Unlike a private foundation, a public charity may make grants to support a grantee’s lobbying activities so long as the public charity’s total lobbying activities (including its funding of lobbying by other organizations) remain insubstantial under the applicable lobbying test. In contrast, A private foundation cannot make a grant to specifically fund a grantee’s lobbying activities (but see below for how a private foundation can otherwise fund and support a grantee’s advocacy activities).

4. Are grant agreements necessary?

Generally, grant agreements are required under federal tax law only for expenditure responsibility grants made by private foundations. However, whether a grant agreement is required to evidence proper observation of fiduciary duties or to help assure that the grants are spent consistent with applicable laws may depend on the facts and circumstances. For example, charitable trust laws may require that a grant only be used to advance the grantmaker’s stated mission, and a grantee may not recognize that restriction unless captured in a grant agreement. In addition, grants from a 501(c)(3) organization cannot be used to engage in political campaign intervention or to confer a prohibited private benefit. If the grant comes from a donor advised fund (DAF), there may be additional restrictions on their use by a grantee.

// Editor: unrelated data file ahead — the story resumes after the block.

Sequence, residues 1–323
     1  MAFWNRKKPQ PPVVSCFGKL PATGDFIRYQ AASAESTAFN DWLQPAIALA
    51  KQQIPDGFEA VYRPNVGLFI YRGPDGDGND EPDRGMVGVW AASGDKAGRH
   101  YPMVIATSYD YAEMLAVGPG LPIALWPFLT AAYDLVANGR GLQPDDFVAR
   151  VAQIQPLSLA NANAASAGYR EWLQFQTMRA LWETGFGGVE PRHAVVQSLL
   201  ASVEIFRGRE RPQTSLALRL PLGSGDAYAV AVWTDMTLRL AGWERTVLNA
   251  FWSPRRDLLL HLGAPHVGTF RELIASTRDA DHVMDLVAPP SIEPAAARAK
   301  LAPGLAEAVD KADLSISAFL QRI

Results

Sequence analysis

5. What reports, if any, must be required of grantees? What reports, if any, should be required of grantees?